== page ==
Instructables
Picture of Solar-powered Emergency Lights
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I made it at TechShop

This is being entered in the GreenTech contest. If you like it, please vote for it!


Materials:

Solar-powered landscape lights (mine are from the dollar store)
Scrap 2 x 4 lumber

Tools:
Miter Saw
Drill Press with large diameter bit
Belt Sander (optional)
 

A little bit of background here
 
Not only did I make at TechShop, but I would not have been able to without TechShop. At 5:00 am, Thursday, July 5, 2012, lightning struck the tree in my back yard. A large limb broke off and fell directly on the power line connecting my house to the utility pole. The line ripped the electrical meter right off the back of my house, and it goes without saying, but we lost power completely.

The storms that occured in the three-day period knocked out power for 325,000 customers in Southeast Michigan. Because my problem only affects a single residential customer, I am at the bottom of the list for repair. Best estimate is that power will not be restored until 11:30 pm, Sunday. That's 3 1/2 days without power.

So since I could not work from home last night (Thursday), I headed into TechShop right after work. Not only do they have light, but AIR CONDITIONING! While I was there, I made a few of these to take back home for the night.

Grab some scrap 2 x 4 lumber. There were a few pieces in the scrap bin at TechShop. Using the Mitre Saw, I cut a few squares. The dimensions where not critical, so I just eye-balled it.

With a large diameter wood bit, I drilled through holes on the drill press. Not knowing the diameter I would need (my lights were still at home), I again eye-balled it. Notice that I clamped the workpiece down to the drill press table to keep it from spinning out of my hand.

Finally, I cleaned up the cut edges and corners on the belt sander.

Once I got home, I just pulled my solar-powered landscape lights out of the ground, removed them from the mount stake, and stuck them in the holes in the 2 x 4's. Because I didn't have the lights with me when I made the bases, the holes where a bit over-sized, but it got the job done. I can always make new ones the next time I'm at TechShop.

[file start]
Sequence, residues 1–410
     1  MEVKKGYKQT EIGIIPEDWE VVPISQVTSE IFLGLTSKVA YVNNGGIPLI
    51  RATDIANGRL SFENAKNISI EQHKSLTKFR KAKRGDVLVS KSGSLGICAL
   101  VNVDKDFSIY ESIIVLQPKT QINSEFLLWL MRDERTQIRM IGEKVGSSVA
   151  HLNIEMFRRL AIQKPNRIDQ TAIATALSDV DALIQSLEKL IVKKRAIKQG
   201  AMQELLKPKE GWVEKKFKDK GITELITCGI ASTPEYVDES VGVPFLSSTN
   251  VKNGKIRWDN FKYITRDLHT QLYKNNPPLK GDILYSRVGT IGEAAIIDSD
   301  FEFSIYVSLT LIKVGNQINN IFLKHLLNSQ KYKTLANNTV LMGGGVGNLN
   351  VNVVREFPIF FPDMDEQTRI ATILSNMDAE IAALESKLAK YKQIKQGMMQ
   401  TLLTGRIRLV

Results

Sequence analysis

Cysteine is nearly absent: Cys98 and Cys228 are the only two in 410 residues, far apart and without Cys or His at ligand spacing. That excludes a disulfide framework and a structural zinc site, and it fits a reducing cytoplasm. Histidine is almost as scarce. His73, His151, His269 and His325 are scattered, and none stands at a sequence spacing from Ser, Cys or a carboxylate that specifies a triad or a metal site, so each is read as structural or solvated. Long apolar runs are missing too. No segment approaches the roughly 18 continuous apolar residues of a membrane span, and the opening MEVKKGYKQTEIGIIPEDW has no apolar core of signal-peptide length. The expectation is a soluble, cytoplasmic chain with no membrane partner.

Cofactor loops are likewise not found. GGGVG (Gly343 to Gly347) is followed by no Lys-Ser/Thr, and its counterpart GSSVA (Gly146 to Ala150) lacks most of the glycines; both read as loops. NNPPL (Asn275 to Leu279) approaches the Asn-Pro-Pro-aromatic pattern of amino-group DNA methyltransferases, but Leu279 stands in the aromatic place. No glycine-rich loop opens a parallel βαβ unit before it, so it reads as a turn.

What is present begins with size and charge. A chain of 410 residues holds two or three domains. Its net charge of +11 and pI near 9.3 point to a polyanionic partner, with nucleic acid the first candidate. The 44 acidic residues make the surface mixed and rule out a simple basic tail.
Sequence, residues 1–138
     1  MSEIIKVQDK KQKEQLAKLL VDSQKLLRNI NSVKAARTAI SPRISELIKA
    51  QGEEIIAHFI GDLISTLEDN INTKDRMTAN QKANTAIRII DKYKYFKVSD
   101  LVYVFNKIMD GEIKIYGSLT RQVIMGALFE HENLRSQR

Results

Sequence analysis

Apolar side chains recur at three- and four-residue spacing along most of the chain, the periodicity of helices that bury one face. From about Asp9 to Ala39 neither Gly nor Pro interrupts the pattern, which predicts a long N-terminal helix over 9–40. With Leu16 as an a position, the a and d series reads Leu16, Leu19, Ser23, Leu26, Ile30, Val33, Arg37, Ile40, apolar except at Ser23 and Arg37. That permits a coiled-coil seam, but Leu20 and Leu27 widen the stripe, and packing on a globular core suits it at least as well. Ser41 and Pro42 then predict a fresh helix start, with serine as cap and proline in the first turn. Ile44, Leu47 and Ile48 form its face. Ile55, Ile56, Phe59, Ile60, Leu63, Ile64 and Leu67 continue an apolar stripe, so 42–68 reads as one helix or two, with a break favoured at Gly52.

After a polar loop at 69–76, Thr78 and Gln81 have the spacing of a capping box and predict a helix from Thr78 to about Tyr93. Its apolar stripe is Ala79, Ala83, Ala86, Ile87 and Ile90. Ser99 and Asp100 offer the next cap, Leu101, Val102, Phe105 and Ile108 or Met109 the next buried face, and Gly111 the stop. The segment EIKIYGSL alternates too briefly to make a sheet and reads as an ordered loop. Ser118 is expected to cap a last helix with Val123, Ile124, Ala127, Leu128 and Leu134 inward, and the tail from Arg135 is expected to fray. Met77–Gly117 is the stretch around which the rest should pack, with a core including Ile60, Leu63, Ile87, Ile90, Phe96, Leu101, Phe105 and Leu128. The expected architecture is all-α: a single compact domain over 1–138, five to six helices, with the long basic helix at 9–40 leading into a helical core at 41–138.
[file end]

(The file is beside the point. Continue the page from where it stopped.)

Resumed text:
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Let there be light!

Since I made 4 of them, I had plenty of light inside my darkened house to get by before going to bed, and was WAY safer than candles. The bases are stable, and can be placed around the house, either on the floor in hallways, or on tables and countertops When I got up this morning, I made sure to put the lights back outside to recharge for tonight.

Again, there was no way for me to make this without TechShop!

About lime3D

I have been designing products in the automotive, aerospace, medical, defense and consumer products industries for over 30 years. I am an "Inventor for Hire", so if there is something you need designed or built, just send me a message, or stop by http://www.lime3D.net, and maybe we can do business!
JTomM1292 years ago
Love the concept . . . and the fact this is easy and "Folk ready" and maybe could be used for a CERT/Red-Cross type Prepardness class (give away the wood blocks . . .). Something small and usful that gets folks thinking DIY for their own needs.

The only other thing I can think of is paint the base gloss white to both reflect and light hitting it back up (not just absorbed in a dark wood surface) and make the whole thing more visable (the garden lights are black to "blend into" the surroundings but you don't want that).

Thanks for the post!
kickaha2 years ago
This is a great idea.
We did something similar in advance of the hurricane on the US east coast in August 2011. We didn't lose power, but it was a comfort to know we had the backup.
We also made sure to have a stock of pre-charged NiMH batteries as backups. The lights I use have plain ol' AA rechargeables in them. The stock batteries in my lights are 400mAH, so having a bunch of 2500mAH batteries at the ready seemed like a good idea. Also, if the storm you are riding out is raging during the day, it might not be possible to put the lights outside to recharge.
(We also stole a few lights from the back yard @ xmas time to decorate the windows for an additional festive touch)
That was my first ideas as well, replace the batteries with better ones. Or if you really really really want to be fancy you could always wire in a second battery into the mix for double the capacity. This would be especially handy if you can find lights that have an "on/ off" switch. Otherwise I doubt the solar cell would be able to charge up 2 batteries in one day.

(I found a bunch of small solar lights for $1 that had "on/off" switches which is why I mention it.)
justoldme2 years ago
great idea we use these lights camping to go to the john, sticking them in the ground is a pain think this year our lights will have a base
thomasready2 years ago
Yeah I also love this I'm going to put two on the rear dash of my car to light it up at night to defer the crooks
lime3D (author)  thomasready2 years ago
That's a great idea!
l8nite2 years ago
great idea ! Add a handle and you'll have a new twist on the ancient candle holder. I really dislike sticking the lights in the ground, then you have to pull them all up to cut the weeds and put them back, so mine are hanging from trees, floating in the pond in large jars, sitting on the fence in aluminum beer bottles and SOON set in wooden blocks....